George Clarke may be a recognisable face thanks to a number of hit TV shows, but he has little interest in the fame game. A trained architect, he tells Gemma Dunn he's happiest as a designer-maker.

George Clarke is in his element.

The architect-come-TV-presenter is stood atop a snow-capped mountain in the Alpine village of Verbier - and by his own account, he's feeling "Christmassy".

But the Restoration Man star isn't simply getting his festive fix: he's in the Swiss resort to film a very special edition of his hit Channel 4 show, Amazing Spaces.

Aptly titled Winter Wonderland, the standalone episode will see Clarke and master-craftsman Will Hardie explore the ingenious small space wonders hidden away among the snowy peaks of the Swiss and Italian Alps.

Starting their epic road trip from an observation point 4,000m above sea level, the duo will set out on an adventure which takes in a secret ski lodge disguised as a boulder, a tree house resembling a giant acorn, a traditional cabin made almost entirely from concrete, a breath-taking mountaintop hotel which glows in the dark and a star-gazing hideaway which rotates with the night sky.

"Even just being here, filming, really does get you in that festive mood!" quips Clarke, 44.

"We've done Norway, we've done Canada, we've done some far-flung places [before], and you forget what's right on our doorstep," he suggests.

"I have to say the views here have just been absolutely breathtaking. You can imagine some of the drone shots we've got; it looks filmic, it looks epic, it looks snowy, it looks alpine..."

How has he enjoyed switching up the climate?

"I love it!" responds the Sunderland native. "I'm from the North East anyway, so it's always freezing up there! And genuinely I am a mountain person.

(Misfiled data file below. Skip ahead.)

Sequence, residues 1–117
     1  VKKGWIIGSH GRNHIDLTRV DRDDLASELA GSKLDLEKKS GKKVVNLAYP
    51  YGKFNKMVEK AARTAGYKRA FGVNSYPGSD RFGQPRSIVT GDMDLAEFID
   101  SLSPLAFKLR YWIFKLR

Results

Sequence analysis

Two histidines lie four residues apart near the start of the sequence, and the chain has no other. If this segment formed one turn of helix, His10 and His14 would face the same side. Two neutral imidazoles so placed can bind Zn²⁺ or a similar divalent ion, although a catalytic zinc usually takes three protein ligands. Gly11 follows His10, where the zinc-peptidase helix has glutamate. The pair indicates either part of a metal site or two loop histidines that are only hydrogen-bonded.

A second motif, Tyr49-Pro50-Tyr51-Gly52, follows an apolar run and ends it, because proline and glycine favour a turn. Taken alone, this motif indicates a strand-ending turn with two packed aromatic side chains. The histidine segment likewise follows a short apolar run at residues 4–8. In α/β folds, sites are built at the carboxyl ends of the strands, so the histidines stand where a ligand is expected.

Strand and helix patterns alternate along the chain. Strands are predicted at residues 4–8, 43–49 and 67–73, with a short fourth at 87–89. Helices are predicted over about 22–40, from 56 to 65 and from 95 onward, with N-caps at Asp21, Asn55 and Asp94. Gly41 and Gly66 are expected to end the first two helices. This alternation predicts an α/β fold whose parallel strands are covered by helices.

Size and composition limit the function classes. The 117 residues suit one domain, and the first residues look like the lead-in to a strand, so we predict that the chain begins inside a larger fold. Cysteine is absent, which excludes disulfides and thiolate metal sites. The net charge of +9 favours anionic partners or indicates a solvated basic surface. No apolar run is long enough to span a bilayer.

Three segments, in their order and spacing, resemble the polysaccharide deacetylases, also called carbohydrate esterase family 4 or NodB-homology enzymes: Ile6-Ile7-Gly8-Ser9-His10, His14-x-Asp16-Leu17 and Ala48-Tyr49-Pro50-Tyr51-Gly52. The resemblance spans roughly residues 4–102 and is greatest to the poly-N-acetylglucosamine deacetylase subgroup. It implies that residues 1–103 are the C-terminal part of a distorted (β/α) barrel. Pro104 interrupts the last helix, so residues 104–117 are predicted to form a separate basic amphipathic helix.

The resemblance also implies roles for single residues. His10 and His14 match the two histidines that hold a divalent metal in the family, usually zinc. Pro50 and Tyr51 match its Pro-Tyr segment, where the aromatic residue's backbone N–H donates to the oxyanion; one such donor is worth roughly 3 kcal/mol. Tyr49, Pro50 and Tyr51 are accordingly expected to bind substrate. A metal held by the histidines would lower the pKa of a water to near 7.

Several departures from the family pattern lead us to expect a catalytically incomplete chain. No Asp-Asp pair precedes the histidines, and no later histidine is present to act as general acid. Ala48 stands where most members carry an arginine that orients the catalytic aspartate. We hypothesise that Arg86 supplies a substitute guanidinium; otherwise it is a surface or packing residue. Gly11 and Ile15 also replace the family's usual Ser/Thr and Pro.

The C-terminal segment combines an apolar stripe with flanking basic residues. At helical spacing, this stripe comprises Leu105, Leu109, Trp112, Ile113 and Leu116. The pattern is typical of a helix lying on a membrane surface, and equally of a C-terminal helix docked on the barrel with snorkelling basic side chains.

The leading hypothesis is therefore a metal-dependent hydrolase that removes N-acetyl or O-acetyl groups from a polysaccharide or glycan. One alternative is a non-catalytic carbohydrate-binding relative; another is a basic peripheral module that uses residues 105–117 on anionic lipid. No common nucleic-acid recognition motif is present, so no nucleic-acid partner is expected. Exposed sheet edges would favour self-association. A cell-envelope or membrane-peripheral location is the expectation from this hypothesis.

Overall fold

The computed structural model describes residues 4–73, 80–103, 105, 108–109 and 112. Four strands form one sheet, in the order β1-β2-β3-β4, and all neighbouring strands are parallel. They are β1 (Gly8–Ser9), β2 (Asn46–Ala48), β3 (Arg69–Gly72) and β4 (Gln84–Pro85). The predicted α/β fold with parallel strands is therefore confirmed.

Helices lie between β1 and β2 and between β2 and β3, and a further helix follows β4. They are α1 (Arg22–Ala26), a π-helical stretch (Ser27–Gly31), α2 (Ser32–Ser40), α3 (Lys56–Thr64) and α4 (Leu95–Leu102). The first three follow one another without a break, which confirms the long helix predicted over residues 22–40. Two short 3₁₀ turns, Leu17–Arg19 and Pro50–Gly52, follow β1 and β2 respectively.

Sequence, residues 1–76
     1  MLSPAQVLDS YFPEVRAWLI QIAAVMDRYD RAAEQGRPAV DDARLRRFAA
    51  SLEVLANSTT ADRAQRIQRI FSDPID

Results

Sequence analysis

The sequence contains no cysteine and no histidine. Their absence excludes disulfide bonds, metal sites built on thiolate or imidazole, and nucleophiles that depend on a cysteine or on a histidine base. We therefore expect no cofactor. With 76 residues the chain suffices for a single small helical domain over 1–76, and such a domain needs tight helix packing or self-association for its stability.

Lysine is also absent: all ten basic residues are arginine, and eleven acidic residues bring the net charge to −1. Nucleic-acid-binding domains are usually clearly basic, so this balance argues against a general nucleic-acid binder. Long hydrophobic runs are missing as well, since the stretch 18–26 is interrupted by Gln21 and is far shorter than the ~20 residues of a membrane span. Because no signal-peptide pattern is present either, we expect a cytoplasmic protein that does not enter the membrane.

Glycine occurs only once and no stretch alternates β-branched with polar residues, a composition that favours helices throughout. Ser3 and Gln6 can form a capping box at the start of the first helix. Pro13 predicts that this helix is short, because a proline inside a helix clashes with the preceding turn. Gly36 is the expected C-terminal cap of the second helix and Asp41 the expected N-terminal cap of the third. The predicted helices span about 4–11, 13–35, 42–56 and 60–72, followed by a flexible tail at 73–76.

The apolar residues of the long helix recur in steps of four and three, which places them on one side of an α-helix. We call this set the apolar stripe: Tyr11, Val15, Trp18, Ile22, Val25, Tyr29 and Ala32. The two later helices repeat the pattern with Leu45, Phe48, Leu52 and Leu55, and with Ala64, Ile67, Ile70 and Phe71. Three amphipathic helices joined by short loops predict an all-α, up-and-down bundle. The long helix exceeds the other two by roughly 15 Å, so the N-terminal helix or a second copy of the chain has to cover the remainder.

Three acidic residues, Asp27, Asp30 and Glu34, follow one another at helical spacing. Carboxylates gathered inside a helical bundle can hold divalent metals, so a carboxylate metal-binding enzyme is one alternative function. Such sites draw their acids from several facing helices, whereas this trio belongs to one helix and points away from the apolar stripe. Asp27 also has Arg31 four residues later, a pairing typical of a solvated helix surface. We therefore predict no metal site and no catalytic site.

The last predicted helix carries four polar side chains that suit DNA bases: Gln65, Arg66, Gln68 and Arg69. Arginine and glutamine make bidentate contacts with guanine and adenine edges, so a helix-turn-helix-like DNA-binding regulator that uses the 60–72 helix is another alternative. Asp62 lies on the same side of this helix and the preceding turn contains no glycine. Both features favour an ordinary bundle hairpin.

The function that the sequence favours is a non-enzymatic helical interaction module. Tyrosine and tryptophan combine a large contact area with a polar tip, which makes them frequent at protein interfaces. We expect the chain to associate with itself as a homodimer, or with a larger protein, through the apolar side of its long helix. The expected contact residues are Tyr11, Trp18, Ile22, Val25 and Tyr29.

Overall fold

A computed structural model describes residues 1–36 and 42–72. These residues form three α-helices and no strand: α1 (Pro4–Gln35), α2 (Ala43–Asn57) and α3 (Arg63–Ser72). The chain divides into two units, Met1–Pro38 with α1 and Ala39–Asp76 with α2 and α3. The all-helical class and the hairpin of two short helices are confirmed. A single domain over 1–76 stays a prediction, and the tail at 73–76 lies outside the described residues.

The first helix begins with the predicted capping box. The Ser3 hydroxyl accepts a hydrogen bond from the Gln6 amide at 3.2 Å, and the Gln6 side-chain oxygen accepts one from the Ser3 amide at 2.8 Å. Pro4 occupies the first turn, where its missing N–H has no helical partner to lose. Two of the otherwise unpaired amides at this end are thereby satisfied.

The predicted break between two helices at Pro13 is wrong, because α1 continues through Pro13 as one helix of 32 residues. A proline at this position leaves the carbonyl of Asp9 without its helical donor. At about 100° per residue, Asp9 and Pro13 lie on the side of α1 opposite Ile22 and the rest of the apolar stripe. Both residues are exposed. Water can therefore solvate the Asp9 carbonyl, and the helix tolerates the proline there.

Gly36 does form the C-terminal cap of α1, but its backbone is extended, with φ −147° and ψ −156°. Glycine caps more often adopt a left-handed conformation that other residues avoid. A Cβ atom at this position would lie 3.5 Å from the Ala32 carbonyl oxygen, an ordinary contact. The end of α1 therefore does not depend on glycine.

"I go up to the Lake District all the time, the Western Isles of Scotland, the Highlands..." he lists. "It makes you feel fresh, the air's cleaner, and I love walking and I love climbing.

"So to be able to see Amazing Spaces' projects when there's a lovely dialogue between great design and beautiful landscapes, it's a fantastic combination."

And from the UK to Europe, there's certainly been no shortage of inspiring builds to span seven seasons of the show - plus seasonal specials.

"Every year that I think we've virtually done everything, a whole other batch of projects come up again!" declares Clarke.

"People are building all the time anyway, so every year there are new projects being created, and I'm genuinely blown away by people's inventiveness and creativity.

"I think that's what's unique about small spaces," he offers. "If it's small and it's something that's just fun, it's easier to do. And it doesn't necessarily cost the earth either."

It's about "making architecture and design, particularly home design, as accessible to as many people as possible", he maintains.

"Architecture and design can be quite a serious subject and I even think that the architectural profession takes itself a bit too seriously sometimes," confesses Clarke, who is the creative director of London-based design and build company, George Clarke + Partners.